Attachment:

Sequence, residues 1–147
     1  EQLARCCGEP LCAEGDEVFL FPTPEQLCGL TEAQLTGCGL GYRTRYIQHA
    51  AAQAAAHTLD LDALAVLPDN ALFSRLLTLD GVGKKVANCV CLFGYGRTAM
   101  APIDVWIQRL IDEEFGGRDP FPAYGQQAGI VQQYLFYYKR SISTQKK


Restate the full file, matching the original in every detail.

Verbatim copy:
Sequence, residues 1–147
     1  EQLARCCGEP LCAEGDEVFL FPTPEQLCGL TEAQLTGCGL GYRTRYIQHA
    51  AAQAAAHTLD LDALAVLPDN ALFSRLLTLD GVGKKVANCV CLFGYGRTAM
   101  APIDVWIQRL IDEEFGGRDP FPAYGQQAGI VQQYLFYYKR SISTQKK